Avoid Failure by Not Fixing Others’ Flaws


When we see poor performance, we judge the capabilities of the person who was supposed to do the work. We then tell them about it and try to get them to do the work correctly. But focusing on others’ incompetence has a frustrating way of bringing only defensiveness and more incompetence. Have you noticed how hard it is to get people to change?

The real issue is that other peoples’ abilities or limitations are only a tiny part of the performance equation. The root causes of poor performance are always mostly broken processes, win-lose leadership, poor vision, and misplaced beliefs.

Let’s leverage the fact that most people want to contribute, do a good job, and succeed. To do this, we: 1) establish the vision of the compelling, desired results and where the others fit in that vision, 2) build systems to support people achieving the results, 3) believe in them more than they believe in themselves, and 4) foster a culture (mostly by modelling it) based on win-win.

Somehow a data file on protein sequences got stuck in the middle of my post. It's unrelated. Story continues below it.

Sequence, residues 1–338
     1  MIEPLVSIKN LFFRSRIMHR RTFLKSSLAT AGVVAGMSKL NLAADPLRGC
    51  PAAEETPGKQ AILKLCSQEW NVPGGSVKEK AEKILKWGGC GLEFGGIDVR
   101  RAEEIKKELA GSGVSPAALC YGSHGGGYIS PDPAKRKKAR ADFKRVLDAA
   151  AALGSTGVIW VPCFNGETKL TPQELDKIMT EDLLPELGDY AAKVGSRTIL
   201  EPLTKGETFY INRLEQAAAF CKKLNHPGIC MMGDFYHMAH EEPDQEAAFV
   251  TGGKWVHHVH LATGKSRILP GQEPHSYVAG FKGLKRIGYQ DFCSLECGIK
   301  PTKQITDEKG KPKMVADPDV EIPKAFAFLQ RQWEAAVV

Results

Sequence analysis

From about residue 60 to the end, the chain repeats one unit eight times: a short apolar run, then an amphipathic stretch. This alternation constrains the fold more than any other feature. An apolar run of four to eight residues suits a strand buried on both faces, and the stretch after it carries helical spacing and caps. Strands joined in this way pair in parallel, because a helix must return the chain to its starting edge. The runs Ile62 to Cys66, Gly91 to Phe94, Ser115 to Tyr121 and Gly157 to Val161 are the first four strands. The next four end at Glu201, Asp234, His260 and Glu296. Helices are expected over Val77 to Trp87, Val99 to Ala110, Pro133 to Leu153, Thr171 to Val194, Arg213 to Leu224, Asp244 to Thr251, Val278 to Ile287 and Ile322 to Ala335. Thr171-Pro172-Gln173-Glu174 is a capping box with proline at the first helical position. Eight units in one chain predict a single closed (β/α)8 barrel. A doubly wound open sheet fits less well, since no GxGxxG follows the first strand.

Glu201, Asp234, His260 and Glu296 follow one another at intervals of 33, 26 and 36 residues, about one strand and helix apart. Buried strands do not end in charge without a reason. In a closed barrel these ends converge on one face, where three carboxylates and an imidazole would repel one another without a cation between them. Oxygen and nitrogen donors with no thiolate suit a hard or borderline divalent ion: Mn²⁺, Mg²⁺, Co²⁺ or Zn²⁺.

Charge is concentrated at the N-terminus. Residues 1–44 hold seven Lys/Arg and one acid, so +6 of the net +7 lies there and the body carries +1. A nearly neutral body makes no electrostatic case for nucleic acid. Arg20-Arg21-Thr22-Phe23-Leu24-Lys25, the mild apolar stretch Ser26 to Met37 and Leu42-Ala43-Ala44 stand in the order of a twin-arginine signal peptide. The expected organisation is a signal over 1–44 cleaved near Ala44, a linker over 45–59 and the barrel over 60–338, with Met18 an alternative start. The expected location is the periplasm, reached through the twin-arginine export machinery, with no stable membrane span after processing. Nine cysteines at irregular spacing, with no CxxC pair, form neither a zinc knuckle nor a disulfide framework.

We can waste a vast amount of time, effort, energy, and money trying to fix people. Let’s not.


In your corner,


PS: This applies to our work with the newest, greenest hire and to the seasoned pro.

Today’s photo credit: Steve A Johnson via photopin cc

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